The overall purpose of this two day intermediate to advanced level workshop is to focus on how performance measurement frameworks are built, their technical properties, and on how they add value to organizational decision-making. The challenges and limitations of developing performance measurement systems will also be emphasized. The workshop will present current approaches and research based practices in the performance measurement field. It is designed to bring your measures to life and to make performance measurement about transformation and not just about accountability.
The workshop format utilizes formal presentations, interactive exercises, discussions, small group activities, and case studies. Emphasis is placed on the relevance, utility, technical, and practical application of performance measurement. Participants will have an opportunity to apply the theory learned.
The workshop is designed for individuals working in program evaluation, performance measurement, program managers, funders, board of directors. It is designed for both government and not-for-profit/human service delivery sectors.
Please note that this workshop was originally slated for June 2019 and has been rescheduled.
Specific Learning Objectives:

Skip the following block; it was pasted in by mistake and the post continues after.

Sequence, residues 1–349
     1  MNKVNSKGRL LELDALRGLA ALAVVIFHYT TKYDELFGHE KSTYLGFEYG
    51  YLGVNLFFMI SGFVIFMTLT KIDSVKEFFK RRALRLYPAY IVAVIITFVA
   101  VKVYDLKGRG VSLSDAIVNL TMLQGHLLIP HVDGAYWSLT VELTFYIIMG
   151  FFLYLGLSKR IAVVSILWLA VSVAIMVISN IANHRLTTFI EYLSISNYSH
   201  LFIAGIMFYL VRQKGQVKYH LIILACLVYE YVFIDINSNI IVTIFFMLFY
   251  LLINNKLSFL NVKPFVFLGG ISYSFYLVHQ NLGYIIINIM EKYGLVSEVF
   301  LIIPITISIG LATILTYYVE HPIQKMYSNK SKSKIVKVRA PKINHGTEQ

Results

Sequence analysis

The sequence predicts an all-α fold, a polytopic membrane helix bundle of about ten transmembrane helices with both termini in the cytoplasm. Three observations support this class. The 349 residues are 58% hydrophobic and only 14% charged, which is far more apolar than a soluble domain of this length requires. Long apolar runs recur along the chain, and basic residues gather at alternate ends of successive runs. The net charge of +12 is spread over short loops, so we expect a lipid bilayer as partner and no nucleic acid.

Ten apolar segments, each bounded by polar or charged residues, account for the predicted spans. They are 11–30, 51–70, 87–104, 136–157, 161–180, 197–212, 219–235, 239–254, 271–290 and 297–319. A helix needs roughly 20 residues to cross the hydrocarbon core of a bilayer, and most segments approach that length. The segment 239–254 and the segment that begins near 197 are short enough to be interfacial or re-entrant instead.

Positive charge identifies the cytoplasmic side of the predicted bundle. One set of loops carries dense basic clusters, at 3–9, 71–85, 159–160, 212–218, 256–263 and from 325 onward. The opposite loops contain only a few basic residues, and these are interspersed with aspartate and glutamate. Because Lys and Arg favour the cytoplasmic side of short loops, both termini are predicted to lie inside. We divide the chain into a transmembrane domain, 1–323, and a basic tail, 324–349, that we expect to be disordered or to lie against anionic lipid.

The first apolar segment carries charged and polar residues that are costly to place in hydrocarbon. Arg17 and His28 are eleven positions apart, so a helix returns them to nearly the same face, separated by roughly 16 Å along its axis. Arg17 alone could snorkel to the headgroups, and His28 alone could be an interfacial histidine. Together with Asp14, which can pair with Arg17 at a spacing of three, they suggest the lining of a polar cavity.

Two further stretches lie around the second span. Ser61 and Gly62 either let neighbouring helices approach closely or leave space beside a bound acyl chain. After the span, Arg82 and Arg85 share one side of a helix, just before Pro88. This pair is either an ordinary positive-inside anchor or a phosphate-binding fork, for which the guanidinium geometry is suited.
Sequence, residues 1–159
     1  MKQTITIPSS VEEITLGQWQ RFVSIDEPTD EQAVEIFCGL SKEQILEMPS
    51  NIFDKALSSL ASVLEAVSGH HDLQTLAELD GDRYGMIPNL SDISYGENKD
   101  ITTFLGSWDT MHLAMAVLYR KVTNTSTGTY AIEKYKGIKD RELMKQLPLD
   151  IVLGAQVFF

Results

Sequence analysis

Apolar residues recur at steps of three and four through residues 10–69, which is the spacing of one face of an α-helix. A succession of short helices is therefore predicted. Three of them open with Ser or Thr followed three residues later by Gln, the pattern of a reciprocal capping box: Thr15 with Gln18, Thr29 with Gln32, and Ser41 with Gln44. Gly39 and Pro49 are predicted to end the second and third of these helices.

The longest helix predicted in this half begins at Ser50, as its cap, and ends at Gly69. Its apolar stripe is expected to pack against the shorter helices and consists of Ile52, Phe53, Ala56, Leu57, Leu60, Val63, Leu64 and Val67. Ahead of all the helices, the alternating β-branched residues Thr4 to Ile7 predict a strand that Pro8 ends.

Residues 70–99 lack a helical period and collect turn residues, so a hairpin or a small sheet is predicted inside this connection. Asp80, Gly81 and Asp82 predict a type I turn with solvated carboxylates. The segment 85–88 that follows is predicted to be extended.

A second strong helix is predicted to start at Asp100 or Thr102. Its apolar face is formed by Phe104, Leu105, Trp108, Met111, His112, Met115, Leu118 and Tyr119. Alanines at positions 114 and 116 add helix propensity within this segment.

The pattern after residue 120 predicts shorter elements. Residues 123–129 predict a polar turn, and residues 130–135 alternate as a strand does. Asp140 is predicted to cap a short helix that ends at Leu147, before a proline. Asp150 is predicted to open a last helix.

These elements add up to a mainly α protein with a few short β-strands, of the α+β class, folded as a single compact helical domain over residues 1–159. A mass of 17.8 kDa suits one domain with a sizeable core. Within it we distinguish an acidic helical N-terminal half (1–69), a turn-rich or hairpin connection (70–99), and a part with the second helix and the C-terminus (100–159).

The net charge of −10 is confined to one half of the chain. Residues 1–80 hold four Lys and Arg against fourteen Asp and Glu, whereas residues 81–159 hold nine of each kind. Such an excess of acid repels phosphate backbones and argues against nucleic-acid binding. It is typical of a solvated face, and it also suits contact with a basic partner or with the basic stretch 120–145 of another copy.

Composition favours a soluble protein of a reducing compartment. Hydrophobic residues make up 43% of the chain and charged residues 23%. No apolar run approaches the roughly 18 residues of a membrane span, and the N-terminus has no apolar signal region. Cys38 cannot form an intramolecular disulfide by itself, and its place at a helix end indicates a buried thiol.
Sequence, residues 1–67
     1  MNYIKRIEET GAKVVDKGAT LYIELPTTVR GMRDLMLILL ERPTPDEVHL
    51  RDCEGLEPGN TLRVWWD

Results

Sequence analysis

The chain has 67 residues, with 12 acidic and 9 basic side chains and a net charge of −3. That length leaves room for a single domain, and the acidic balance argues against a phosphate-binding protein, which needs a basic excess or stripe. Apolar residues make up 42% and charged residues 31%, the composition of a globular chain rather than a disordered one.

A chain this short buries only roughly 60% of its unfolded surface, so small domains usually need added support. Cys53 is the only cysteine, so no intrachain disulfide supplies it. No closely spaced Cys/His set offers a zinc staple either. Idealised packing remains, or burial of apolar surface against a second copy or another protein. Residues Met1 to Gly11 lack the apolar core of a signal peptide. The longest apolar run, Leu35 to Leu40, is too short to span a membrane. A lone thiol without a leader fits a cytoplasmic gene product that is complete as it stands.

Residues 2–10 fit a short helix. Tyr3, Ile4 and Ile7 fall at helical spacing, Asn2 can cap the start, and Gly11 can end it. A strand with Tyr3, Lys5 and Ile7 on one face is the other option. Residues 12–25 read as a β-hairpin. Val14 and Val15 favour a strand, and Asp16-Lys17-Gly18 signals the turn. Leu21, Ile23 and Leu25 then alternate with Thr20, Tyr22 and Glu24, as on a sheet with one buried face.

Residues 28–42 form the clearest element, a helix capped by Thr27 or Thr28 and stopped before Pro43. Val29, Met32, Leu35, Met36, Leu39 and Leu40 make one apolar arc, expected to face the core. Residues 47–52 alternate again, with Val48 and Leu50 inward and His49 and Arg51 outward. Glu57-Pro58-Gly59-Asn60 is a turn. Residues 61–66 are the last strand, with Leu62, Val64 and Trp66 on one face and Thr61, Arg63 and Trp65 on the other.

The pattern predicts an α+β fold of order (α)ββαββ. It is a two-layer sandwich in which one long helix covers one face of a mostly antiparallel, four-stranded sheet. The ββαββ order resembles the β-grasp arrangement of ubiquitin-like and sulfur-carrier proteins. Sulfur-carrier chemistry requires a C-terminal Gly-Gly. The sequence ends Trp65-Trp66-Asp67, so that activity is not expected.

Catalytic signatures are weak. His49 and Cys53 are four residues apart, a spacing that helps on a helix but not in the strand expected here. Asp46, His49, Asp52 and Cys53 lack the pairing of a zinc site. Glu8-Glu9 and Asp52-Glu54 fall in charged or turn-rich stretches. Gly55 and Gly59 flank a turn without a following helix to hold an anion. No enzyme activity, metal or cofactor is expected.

By the end of the workshop, you should have:
- A consistent approach to measuring organizational performance
- Use of common performance measurement language in your organization
- A specific set of criteria for determining effective performance indicators
- A set of indicators to track efficiency (outputs) & effectiveness (outcomes)
- A set of data collection methods for your performance indicator system
- A framework for developing performance measurement reports/dashboards
- An initial set of appropriate performance targets/expectations
- A positive culture for the use & development of performance measurement
CES Competencies Presented In Workshop:
The following CES competencies are covered in the workshop:
1.1 Knows evaluation theories, models & tools and is informed about new thinking and best practices;
1.7 Uses self-awareness and reflective thinking to continuously improve practice
2.7 Identifies data requirements and data collection tools;
2.6 Uses appropriate evaluation methods;
2.7 Produces balanced evaluation reporting to support decision-making and learning
3.4 Promotes usefulness of evaluation process and results
4.2 Defines work parameters, plans, and agreements;
5.4 Uses a variety of processes that result in negotiated agreements and understandings.
About the Facilitator:
Paul Favaro Ph.D., CE is the Chief of Research, Program Evaluation, and Accountability for the Peel District School Board in Mississauga, Ontario. He teaches management sciences at York University in Toronto.
Dr. Favaro has authored or co-authored articles, chapters, and technical reports, and has conducted professional training workshops in the areas of program evaluation, performance measurement, and research methodology. He is on the editorial board of The Canadian Journal of Program Evaluation. Throughout his career, he has worked as a research consultant to a wide variety of government ministries, educational organizations, charitable foundations, and community-based programs. He has held several executive positions on the board of the Canadian Evaluation Society (CES). In 2010, he was awarded a fellowship in the CES. He is a Credentialed Evaluator by the Canadian Evaluation Society.